(08/25/08) The Madcow Scooter is a classic-looking, stubby rocket with the capability of flying on D12's. From another view, the Scooter is a 29mm, mid-powered, solid-construction rocket that can reach 2,260 feet on a G64.
Overall, the Scooter is an easy rocket to build and other than the balsa nose cone it finishes just as easy. You can do a lot with your paint schemes and still incorporate the checker-board and name decals. On Madcow's website, the Scooter has an attractive yellow/black paint scheme (far right), whereas, I chose different colors.
The rocket includes a pre-slotted 17" long, 2.2" diameter body tube. Add to that, three through-the-wall laser-cut plywood fins and a 4.4" long balsa nose cone to make up the 22" length. The recovery system includes a Kevlar® shock-tether, a nylon shock cord, a Nomex® parachute protector, and an 18" rip-stop nylon parachute.The remainder of parts include laser-cut plywood centering rings, eye-bolt (with nut and washers), a 29mm motor tube, two 1/4" launch lugs, and lastly water-slide decals. (parts picture to left courtesy of Madcow)
The instructions are printed in a small booklet of 4 pages. This is a very easy rocket to build and a nice introduction to mid-power rocketry. The techniques used are described well in text and there are some illustrations to ensure understanding.
The instructions say to use 5-minute epoxy throughout the build, however, I built mine with wood glue (other than the fin fillets).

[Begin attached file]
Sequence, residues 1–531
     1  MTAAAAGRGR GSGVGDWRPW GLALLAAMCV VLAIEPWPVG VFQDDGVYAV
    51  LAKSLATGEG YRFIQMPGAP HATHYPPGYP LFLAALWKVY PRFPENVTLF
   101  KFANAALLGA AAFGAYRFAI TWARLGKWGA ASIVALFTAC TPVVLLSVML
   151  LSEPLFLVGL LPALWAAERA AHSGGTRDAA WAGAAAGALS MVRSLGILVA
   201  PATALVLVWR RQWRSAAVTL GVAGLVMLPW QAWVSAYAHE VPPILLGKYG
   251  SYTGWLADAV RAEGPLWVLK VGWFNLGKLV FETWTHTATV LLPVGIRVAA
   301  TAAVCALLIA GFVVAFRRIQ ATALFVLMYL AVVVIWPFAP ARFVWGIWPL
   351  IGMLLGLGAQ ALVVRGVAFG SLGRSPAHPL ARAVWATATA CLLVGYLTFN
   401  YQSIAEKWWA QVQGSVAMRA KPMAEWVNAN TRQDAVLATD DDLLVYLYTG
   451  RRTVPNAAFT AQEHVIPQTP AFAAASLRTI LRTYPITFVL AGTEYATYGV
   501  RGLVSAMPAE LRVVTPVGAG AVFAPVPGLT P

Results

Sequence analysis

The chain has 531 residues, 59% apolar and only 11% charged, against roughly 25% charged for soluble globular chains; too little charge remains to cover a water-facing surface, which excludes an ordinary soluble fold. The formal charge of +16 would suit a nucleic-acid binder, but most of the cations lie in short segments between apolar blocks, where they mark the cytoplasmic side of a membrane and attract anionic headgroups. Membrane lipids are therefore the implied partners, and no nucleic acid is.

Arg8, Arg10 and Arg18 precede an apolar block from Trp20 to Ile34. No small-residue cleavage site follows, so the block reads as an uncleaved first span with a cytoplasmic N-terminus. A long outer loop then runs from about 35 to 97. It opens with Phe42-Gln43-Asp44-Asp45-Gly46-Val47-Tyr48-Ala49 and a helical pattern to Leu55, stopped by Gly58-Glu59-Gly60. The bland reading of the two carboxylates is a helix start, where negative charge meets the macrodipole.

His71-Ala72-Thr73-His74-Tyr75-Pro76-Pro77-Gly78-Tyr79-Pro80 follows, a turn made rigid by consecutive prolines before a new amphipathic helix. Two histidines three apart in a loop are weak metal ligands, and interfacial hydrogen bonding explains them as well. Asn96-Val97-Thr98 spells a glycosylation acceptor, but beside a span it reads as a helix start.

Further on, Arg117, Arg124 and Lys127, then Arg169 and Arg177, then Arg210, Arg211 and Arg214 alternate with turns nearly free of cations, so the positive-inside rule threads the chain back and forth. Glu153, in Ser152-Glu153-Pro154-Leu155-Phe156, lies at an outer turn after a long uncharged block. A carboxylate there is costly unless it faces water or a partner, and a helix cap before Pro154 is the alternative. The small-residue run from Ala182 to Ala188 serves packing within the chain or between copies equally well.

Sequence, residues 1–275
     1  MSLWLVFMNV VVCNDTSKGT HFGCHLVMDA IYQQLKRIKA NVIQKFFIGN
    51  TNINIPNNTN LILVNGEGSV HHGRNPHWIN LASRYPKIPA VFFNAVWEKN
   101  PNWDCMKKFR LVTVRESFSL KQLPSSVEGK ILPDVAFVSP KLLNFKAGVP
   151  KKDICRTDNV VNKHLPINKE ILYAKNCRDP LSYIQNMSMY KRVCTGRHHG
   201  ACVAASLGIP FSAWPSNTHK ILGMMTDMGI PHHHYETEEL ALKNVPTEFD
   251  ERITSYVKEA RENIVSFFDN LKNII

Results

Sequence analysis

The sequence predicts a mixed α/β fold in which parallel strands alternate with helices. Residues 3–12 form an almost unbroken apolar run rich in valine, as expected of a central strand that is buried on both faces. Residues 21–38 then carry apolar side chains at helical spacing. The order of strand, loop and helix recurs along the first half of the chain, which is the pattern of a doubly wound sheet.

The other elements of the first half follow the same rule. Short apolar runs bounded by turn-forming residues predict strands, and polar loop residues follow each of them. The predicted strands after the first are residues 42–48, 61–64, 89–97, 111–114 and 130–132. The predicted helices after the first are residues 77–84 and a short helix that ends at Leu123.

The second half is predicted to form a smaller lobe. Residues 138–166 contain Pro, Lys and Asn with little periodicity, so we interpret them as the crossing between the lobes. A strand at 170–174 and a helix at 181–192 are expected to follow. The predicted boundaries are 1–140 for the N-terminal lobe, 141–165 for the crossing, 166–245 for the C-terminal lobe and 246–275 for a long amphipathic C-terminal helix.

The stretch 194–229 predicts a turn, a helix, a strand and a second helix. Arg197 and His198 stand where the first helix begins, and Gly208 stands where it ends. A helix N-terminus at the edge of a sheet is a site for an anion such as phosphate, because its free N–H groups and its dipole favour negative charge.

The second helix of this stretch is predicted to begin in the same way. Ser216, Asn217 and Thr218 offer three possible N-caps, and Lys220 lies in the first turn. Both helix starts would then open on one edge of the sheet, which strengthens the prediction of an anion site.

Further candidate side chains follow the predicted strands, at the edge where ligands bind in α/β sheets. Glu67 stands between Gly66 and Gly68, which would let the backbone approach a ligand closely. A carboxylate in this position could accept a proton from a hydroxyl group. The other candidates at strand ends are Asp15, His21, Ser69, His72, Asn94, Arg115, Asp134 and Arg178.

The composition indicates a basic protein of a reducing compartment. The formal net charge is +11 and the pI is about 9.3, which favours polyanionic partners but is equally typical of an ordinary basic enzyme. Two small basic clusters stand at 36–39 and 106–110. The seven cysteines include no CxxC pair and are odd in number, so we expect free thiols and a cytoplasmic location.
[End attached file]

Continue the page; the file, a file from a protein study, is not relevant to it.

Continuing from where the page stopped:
The motor mount is built first. It is a typical build but care must be taken to follow the instructions so the through-the-wall fins fit correctly. The Kevlar® shock-tether is tied around the motor tube and fed past the upper centering ring through a notch.
The fins are next and as mentioned they are through-the-wall mounted to the motor tube. Easy stuff here especially with the pre-slotted body tube.
The nose cone is assembled next. Madcow suggests adding nose weight if needed to have your CG at 20.75" from the nose tip. Since I was shipping this to NARAM-50, I didn't want any surprises so I filled the bore hole in the nose cone with BB's, poured in some Gorilla polyurethane glue, and added the eye-screw and plywood bulkhead. Apparently I added a lot of weight since my rocket weighed in at 10.2 ounces verses Madcow's estimate of 6 ounces.
Normally for balsa nose cones I use many, many coats of Plasti-Kote Primer and sand in between each coat. For the Scooter I used DecoArt's Multi-Purpose Sealer. I used about 3 coats of it by applying it with a foam brush and sanding inbetween coats. Then I used Plasti-Kote Primer on the whole rocket, sanding in-between coats to get a smooth finish. This was followed by using Krylon's white and red paint.
I must have done a good job (and I did) because many commented on how smooth the nose cone looked. One person said it looks like it is plastic.
The decals were then applied and voila'... a good looking Scooter.